By Jethro Mullen
Russian police have detained dozens of people in an anti-terrorism operation in Volgograd, the southern city where two suspected suicide bombings killed more than 30 people this week.
The heightened security measures, in which thousands of police officers searched hundreds of people, came as Australia announced limits on the movements of its athletes when they travel to Russia for the 2014 Olympic Games.
The death toll from the attacks has increased to 34 after some of those who were wounded succumbed to their injuries, state media reported.
The two deadly blasts in Volgograd have intensified fears over the danger of terrorism in Russia following a threat earlier this year from a Chechen extremist group to use "maximum force" to disrupt the Games, which will take place in the southern city of Sochi in February.
No group has so far claimed responsibility for carrying out the suspected bombings in Volgograd.
Australia said Tuesday that none of its athletes competing in the Olympics will travel to Sochi using ground transportation in Russia -- they will only travel by air.
Australian athletes will only train and compete in Sochi and won't vacation elsewhere in Russia after the Games, said John Coates, the president of the Australian Olympic Committee.
"Families of athletes and all other participants of the Olympic Games, including media and spectators, should note the steps we are taking for the safety and welfare of our athletes," Coates said in a statement on the committee's website.
He nonetheless echoed comments from the International Olympic Committee expressing confidence that Russian authorities will do everything "to ensure the security of the athletes and all of the participants of the Olympic Games."
Key transit point
While security in Sochi and its surrounding area is considered to be very tight, the attacks in Volgograd, a major transportation hub for southern Russia, have raised concerns about the potential vulnerability of other areas of the country.
Volgograd is a main transit point for people traveling by train to Sochi, which is situated just over 400 miles (645 kilometers) to the southwest.
The number of people killed in an explosion at the Volgograd's main rail station Sunday now stands at 18, the state-run news agency RIA Novosti reported Tuesday, citing the Emergencies Ministry.
The toll from a blast on a trolleybus during the morning rush hour Monday has reached 16, the agency said, attributing the information to health officials.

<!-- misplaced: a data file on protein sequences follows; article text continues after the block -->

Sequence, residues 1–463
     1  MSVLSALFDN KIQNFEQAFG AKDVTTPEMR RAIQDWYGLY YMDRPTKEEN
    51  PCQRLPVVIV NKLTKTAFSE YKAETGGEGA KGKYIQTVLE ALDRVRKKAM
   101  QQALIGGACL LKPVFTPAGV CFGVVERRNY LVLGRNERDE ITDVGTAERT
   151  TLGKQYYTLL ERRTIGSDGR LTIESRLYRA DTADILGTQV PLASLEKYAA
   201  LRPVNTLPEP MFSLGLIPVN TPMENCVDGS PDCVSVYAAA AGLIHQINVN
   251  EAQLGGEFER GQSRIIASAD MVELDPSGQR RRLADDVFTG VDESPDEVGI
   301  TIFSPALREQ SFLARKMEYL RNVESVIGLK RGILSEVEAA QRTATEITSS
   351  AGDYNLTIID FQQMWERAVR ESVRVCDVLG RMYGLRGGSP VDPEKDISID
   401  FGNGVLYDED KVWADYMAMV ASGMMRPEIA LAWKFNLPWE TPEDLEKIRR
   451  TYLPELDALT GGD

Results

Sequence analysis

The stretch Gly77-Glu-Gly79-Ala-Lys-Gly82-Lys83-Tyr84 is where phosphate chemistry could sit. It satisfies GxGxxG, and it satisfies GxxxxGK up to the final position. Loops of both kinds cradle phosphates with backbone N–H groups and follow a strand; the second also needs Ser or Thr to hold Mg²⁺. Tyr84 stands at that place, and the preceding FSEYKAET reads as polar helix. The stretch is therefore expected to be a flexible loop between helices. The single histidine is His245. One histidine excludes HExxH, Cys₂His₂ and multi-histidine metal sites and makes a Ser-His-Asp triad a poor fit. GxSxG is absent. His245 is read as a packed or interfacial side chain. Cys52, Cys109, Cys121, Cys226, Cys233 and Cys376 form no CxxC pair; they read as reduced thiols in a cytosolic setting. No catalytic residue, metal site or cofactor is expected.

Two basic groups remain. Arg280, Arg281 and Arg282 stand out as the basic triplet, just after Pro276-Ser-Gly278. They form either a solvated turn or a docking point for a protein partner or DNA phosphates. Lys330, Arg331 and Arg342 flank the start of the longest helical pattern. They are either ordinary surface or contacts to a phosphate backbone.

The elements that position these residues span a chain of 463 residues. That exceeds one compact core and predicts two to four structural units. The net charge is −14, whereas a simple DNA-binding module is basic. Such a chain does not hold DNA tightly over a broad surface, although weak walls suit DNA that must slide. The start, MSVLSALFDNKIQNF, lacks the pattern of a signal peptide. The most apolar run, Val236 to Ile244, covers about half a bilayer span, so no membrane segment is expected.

Russian authorities have described both explosions as terrorist attacks and vowed to continue their "tough and consistent offensive" against extremists.
About 5,200 police officers are now on the ground in Volgograd for an anti-terrorism operation, Andrei Pilipchuk, a regional police official, said on Russian television.
Police are checking people's documents in all crowded areas of the city and have so far detained 87 people who put up resistance or didn't have documents allowing them to carry weapons, Pilipchuk said.
But it wasn't clear if any of those held had any suspected connection to the attacks or would face any charges.
A total of 1,500 buildings have been "examined" and more than 1,000 people have been searched in the operation, Pilipchuk said.
U.S. offers support
The United States has offered its "full support to the Russian government in security preparations for the Sochi Olympic Games," National Security Council spokeswoman Caitlin Hayden said in a statement Monday.
"We would welcome the opportunity for closer cooperation for the safety of the athletes, spectators, and other participants," Hayden said.
The U.S. State Department said American citizens planning to attend the Games should "be reminded that threats have been made against the Olympic Games and acts of terrorism, including bombings, continue to occur in Russia."
"This is an exciting, positive, happy international sporting event, but people going there do need to maintain vigilance and watch out for their own security and safety," Marie Harf, a State Department spokeswoman said at a regular briefing Monday.
Harf said the department was "very focused" on the security situation in Russia, but she declined to say whether any additional measures had been taken since the Volgograd bombings.
CNN's Diana Magnay and Arkady Irshenko contributed to this report.
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